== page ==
Tuesday, 27 March 2012

Play Review: Private Resistance


Following an extended family in rural England, Private Resistance is the ultimate "What If" scenario.

Tom recruiting Frank to run the Essex branch of the AUs.
Tom & Frank.
(from left)
It’s 1940 and the Jerry’s are invading wartime Britain. Churchill has set up a network of Auxiliary Units (AUs) based in underground bunkers and has provided them with highly explosive weapons. The secret AUs seem to be Britain’s last chance. German soldiers are shooting innocent men (and boys), and the railways are being used to transport Jews to prisoner of war camps in Europe. Relationships are tested, hope is lost and freedom is but a distant dream. Private Resistance is in two parts: Germany invading followed by a May Day uprising, three years on, led by the Communists and people of Britain. It is a truly intense, heartrending and emotional performance written by Eastern Angles’ Artistic Director, Ivan Cutting.

The plot was
well structured and easy for the audience to follow. It was unravelled slowly through the way the characters interacted with each other and what they said. A real sense of the era was conveyed through the language used in the script; common slang from the time was used correctly and helped the audience to connect with the characters as though they were not fictional. The premise of the play was build solidly on historical facts with the expected fictional changes.

Diane (stood) & Prue (sat).
There were six characters central to Private Resistance: Tom (Matt Addis), Frank (Phil Pritchard), Alan (Phil Pritchard, second act), Prue (Bishanyia Vincent), Wilf (Fred Lancaster) and Diane (Frances Marshall). All five actors deserve a huge pat on the back for such a wonderful performance. They all remained professional, focused and composed. I found the enactment to be believable and realistic. There was a strong connection between the actors which helped to pull the play together. The cast were very skilled-- one member of the audience said to me, “They were really good; better than most actors on TV.”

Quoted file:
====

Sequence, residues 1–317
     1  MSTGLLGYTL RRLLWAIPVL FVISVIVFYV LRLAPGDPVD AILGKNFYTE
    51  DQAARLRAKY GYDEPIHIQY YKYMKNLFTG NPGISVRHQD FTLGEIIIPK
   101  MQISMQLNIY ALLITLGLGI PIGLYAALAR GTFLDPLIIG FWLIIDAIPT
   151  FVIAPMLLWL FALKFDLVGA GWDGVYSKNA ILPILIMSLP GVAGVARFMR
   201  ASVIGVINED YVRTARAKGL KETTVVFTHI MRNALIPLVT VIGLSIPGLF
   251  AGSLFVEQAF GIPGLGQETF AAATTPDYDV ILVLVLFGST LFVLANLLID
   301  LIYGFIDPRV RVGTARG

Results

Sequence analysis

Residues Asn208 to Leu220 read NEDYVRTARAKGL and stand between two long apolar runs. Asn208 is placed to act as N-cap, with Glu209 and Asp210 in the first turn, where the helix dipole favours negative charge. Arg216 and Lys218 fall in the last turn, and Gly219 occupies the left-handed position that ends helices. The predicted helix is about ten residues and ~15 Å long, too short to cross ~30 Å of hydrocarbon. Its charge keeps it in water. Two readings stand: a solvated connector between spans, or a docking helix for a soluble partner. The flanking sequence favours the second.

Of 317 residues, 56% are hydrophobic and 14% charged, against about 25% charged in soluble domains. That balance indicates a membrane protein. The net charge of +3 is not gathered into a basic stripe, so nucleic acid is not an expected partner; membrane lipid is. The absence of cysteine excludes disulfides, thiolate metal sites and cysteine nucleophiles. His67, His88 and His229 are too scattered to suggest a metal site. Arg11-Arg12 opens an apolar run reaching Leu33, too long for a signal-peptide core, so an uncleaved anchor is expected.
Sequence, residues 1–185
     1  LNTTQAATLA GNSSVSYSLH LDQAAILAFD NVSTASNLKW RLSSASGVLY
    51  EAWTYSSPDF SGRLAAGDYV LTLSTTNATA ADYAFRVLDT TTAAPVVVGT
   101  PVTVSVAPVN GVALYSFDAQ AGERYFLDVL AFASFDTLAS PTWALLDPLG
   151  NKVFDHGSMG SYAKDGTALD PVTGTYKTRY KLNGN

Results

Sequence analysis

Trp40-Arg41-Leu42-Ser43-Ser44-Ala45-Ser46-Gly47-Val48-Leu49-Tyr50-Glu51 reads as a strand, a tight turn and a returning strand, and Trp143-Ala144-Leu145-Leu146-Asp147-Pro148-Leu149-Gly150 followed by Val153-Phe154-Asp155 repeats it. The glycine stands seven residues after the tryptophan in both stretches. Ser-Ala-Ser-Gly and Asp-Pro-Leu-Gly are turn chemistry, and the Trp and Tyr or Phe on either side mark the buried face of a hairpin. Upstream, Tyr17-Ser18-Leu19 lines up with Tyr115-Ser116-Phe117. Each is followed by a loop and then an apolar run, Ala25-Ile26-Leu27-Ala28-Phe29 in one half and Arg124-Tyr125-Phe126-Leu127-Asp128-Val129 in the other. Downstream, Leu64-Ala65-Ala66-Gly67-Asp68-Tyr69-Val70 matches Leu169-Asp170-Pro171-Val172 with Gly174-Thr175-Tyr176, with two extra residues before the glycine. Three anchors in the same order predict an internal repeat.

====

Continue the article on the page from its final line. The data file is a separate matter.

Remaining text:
The stage itself was simple, yet effective. The backdrop was a message, from the Ministry of Information, that read: “Freedom is in peril. Defend it with all your might.” which links perfectly with the storyline. The props were not a distraction from the actors and were utilised well. Cleverly masked behind the screen was the inside of an OB (Operational Bunker used by the AUs), which essentially created two different, contrasting settings. Costume and makeup helped the characters come to life; it was clear that the 1940’s style had been well researched.

Prue & Wilf.
At the end of the play there wasn’t a person in the room who didn’t applaud. The audience reacted brilliantly throughout the performance as well as at the end. There were laughs at the few lines of humour, and the audience was engrossed in what was happening on stage. As everyone filed out, the words “fantastic”, “superb” and “amazing” carried on the air. It’s safe to say that Private Resistance is highly recommended by just about everyone, including me. A well done to Ivan Cutting, the writer, Naomi Jones, the director, and all of the cast and crew for doing such a fantastic job!








DISCLAIMER: I do not own the rights to the photographs used in this review. The photographs of the actors were provided by Eastern Angles.

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